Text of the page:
Nov 12, 2012

Hope and Change

Commentary

Joshua Freedman

Hope and Change

Since leaving Canadian politics, Michael Ignatieff has been forceful, intelligent, charismatic, and well-spoken. In other words, he has become the diametric opposite of the Michael Ignatieff who led the Liberal party to its worst parliamentary showing in recent memory. Speaking at the BBC’s annual Free Thinking Festival, Ignatieff decried the rapid centralization of power in the Prime Minister’s Office and called for party leaders to allow individual Members of Parliament (MPs) more freedom in voting and legislative tasks.

Without this decentralizing step, Ignatieff believes that the Parliament will fall further into dysfunction, as the needs of individual ridings are increasingly delegated to the margins. The tightening of party control has also led to increased antipathy between the parties, with squabbling and catcalls replacing civil relationships on the floor of the House of Commons.

It’s not hard to see where Ignatieff is coming from. The Harper government—like its predecessors—has been characterized by the fostering of animosity among parties, and MPs under his banner are hardly, if ever, permitted a free vote. To be fair, all parties have fallen prey to the temptation of mindless opposition instead of providing constructive solutions. Ignatieff himself famously whipped the Liberal Party during the vote to eliminate the gun registry, against the wishes of some of his rural MPs.

The continued rise of hyper-partisanship are not unique to Canada. The Obama administration faced four years of obstinate opposition from the Senate and House Republicans, which made it incredibly difficult to pass legislation. And while effective opposition is one thing, setting a record for the most filibusters in one session of Congress—as the Republicans have, from 2009 to 2011—is nothing to be proud of.

So what does this mindless, party-line voting and hyper-partisanship get us? Does the 40 per cent of Canadians represented by the Conservative party have the monopoly on all good ideas? Has the impenetrable Democratic state assembly in California produced good policy without Republican input? The answer to all three of the above questions is a resounding ‘No.’ In the absence of bipartisan policy-making, effective policy becomes much more difficult, and at times impossible.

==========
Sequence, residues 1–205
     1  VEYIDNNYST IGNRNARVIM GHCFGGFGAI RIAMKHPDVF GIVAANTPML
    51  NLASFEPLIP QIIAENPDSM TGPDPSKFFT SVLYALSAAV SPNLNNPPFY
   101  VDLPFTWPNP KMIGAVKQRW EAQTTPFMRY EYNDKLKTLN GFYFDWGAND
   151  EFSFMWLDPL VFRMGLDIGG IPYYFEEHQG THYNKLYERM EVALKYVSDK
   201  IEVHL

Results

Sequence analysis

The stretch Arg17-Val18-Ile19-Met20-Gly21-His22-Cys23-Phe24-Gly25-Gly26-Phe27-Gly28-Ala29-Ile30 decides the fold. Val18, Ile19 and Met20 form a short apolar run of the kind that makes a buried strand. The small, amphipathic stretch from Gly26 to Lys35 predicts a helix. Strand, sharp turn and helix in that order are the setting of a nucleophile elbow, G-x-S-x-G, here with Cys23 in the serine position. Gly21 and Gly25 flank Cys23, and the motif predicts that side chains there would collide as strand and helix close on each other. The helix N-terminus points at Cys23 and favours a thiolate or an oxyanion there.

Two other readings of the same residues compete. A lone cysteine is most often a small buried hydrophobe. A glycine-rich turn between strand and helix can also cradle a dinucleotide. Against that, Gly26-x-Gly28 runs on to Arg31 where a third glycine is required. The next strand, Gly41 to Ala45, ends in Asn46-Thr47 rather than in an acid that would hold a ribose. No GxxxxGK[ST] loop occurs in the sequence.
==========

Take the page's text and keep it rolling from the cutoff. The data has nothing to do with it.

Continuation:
The Affordable Care Act’s passage is instructive. The votes required to get the bill through Congress were 99 per cent Democratic, with no Republican participation in its passage. The bill, while improving the health care status quo, is riddled with compromises made to industrial lobbyists because of this narrow support. Imagine if half of the Republican caucus had been on board with providing a solution to America’s health care problem. Not only would they have been able to have a say in the bill’s final shape, but the integrity of the bill could have been much stronger. Their mindless opposition failed completely.

What can be done to solve this problem? How do we allow individual members of a legislature more freedom? Political scientists have identified that longer-tenured parliamentarians and an increase in the number of parliamentarians overall usually lead to more independent thinking. To that end, some theorists have advocated paying individual MPs more money, to make the job seem more desirable, and thus a potentially long-term career.  Increasing parliamentarians’ salaries would also make the job more appealing to well-qualified candidates, who may otherwise have ignored a career in politics. In Canada, we are also seeing a new influx of MPs thanks to Canada’s growing population. Hopefully larger caucuses will be harder for party leaders to control.

Ultimately, the power to end irresponsible partisanship lies in the hands of the individual voter. As evidenced this past week, voters can penalize obstructionist parties, and usher in a group of representatives determined to reach across party lines, compromise, and get things done.  At the polls, Canadians should prioritize qualities like responsibility and bipartisanship in candidates.  By doing so, Parliament can change for the better.

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